Nearly half the residents who call Chennai Corporation’s revamped helpline do so only to check if the number is working. When the 1913 helpline was re-launched on May 13, the civic body’s call centre received a considerable number of calls. These increased tenfold and touched an all-time high of 1,971 on May 14. But 1,035 of these callers hung up within seconds, that too without registering any civic complaint.

Similarly, on May 15, 436 of the 897 callers did not register any complaint. On May 16, as many as 642 of the 937 callers hung up within moments after dialling the helpline number. Intrigued by the rising number of such calls, the Corporation launched a drive to identify the reason behind such a large number of calls and why most callers were hanging up without even speaking a word.

By Monday evening, the call centre had returned calls of a tenth of the residents who had mysteriously remained silent even after their calls got connected. “They replied that they had called the helpline merely out of curiosity,” said a Corporation official at the call centre. “One of them even asked if we could prevent the neighbourhood vegetable vendor from selling a carrot for Rs. 10. Most residents didn’t seem to understand what a civic issue is,” the official added.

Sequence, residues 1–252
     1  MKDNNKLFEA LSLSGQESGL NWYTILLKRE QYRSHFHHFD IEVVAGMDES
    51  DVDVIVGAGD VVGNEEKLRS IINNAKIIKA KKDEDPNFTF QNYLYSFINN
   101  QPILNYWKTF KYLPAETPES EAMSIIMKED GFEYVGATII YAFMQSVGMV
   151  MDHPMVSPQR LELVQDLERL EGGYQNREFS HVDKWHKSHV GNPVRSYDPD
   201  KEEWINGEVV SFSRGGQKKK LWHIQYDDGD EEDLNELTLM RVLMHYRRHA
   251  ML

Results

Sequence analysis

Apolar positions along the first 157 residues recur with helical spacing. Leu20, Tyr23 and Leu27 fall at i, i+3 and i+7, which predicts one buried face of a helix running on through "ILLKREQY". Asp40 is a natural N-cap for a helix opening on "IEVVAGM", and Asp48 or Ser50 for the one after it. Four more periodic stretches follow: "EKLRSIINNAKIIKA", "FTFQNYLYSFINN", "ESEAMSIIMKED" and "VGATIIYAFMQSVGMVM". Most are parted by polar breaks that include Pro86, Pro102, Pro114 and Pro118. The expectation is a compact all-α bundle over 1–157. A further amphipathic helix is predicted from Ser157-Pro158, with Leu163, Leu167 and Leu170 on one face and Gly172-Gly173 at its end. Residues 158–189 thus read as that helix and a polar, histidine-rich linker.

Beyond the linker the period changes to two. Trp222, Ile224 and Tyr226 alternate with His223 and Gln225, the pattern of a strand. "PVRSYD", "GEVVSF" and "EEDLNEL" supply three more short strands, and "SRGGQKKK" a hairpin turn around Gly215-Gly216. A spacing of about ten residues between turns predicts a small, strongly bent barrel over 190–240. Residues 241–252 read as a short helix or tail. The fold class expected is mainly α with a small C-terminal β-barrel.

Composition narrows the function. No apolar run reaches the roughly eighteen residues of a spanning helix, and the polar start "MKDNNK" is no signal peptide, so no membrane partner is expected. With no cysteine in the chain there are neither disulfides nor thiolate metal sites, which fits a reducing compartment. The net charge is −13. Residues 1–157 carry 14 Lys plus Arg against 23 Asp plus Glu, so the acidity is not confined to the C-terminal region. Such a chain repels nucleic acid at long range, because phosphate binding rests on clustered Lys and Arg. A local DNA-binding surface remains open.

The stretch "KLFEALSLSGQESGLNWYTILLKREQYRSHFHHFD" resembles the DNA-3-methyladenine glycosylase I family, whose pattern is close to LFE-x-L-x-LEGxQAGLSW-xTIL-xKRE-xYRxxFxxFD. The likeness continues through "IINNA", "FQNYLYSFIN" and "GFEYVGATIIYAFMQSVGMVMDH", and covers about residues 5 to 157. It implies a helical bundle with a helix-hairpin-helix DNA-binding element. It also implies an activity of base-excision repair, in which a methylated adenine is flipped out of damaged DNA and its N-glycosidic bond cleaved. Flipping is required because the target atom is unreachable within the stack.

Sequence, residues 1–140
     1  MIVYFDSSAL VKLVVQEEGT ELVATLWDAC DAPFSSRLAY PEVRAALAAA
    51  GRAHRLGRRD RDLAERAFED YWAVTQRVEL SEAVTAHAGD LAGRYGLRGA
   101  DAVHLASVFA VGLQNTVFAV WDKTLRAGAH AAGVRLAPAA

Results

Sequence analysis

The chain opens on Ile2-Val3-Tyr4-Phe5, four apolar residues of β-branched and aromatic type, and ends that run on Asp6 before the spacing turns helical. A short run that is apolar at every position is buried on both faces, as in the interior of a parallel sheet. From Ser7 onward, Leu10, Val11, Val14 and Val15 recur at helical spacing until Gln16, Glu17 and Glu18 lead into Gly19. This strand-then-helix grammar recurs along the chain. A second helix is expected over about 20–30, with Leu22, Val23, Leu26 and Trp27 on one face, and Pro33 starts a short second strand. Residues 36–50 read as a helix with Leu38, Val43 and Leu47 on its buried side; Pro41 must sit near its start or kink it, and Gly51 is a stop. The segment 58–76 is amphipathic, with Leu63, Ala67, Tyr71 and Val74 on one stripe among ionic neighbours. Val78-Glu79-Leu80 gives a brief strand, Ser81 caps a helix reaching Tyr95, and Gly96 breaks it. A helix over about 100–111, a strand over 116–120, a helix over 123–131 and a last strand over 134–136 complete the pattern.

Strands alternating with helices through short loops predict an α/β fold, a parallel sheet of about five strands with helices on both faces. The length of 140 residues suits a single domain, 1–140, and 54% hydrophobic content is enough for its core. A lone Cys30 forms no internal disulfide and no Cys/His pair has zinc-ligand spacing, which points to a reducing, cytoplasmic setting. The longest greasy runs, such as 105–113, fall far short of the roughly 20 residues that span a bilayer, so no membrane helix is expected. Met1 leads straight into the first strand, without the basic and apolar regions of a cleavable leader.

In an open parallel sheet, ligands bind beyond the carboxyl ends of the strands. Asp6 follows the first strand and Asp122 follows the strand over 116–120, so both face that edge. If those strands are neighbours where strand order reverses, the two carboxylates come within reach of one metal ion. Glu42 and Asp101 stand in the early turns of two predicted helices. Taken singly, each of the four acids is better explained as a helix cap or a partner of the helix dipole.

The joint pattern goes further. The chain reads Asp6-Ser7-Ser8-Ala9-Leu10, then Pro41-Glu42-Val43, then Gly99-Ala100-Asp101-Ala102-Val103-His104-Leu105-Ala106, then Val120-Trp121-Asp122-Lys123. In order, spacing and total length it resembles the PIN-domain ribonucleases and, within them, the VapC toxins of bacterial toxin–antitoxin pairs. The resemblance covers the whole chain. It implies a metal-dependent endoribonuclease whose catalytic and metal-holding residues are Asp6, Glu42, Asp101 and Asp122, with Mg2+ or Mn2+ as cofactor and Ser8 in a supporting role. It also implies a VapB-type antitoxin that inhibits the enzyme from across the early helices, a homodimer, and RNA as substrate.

A number of residents, who had called the helpline, admitted that they did so out of curiosity. “We read in the papers that ‘1913’ had been re-launched by the Corporation, so I called to see if the number was really working,” said A. Arokiyanathan, a resident of Vysarpadi. He, however, said he was not aware of the type of civic issues that can be reported to 1913.

There are 92 types of civic complaints — ranging from dirty public toilets to names missing on voters’ list — that the Corporation helpline is bound to entertain. But most citizens are not aware what they are. Mr. Arokiyanathan said the Corporation should display the complete list in Tamil at every corporation ward office and public place in the 426 sq km of the city.